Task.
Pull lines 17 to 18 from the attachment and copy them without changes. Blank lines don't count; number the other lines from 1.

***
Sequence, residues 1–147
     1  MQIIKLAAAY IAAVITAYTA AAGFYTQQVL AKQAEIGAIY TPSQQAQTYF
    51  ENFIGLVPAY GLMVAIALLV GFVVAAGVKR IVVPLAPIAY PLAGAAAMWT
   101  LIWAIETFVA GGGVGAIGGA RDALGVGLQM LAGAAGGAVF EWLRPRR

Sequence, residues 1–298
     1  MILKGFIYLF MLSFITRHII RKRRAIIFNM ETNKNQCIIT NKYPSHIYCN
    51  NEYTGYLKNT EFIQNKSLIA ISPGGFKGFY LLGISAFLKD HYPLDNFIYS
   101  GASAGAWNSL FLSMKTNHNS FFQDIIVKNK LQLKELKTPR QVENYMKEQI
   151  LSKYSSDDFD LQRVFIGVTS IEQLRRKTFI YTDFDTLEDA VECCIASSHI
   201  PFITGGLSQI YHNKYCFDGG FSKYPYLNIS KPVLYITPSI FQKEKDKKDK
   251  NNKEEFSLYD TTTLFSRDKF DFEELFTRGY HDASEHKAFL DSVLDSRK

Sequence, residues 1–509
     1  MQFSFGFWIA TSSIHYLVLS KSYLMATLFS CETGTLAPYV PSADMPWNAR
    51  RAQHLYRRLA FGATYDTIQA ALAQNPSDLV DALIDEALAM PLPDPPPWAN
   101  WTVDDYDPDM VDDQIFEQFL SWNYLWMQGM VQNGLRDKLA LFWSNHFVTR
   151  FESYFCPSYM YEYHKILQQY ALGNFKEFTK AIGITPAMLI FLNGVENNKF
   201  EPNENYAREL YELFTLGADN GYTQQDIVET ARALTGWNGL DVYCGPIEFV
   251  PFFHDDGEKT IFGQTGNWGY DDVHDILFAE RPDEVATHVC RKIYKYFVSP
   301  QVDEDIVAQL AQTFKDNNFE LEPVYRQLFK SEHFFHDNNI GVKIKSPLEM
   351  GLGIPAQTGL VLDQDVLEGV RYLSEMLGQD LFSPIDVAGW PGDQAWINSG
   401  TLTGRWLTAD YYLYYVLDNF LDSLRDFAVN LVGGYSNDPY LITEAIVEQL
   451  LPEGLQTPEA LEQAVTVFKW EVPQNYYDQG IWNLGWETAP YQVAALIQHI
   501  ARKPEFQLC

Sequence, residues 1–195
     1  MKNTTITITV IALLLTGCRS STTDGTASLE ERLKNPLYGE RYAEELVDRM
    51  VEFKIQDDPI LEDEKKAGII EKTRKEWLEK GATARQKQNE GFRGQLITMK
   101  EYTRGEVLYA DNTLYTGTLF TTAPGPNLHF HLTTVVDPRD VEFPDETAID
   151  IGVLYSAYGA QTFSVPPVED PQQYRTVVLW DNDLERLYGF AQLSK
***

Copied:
   201  EPNENYAREL YELFTLGADN GYTQQDIVET ARALTGWNGL DVYCGPIEFV
   251  PFFHDDGEKT IFGQTGNWGY DDVHDILFAE RPDEVATHVC RKIYKYFVSP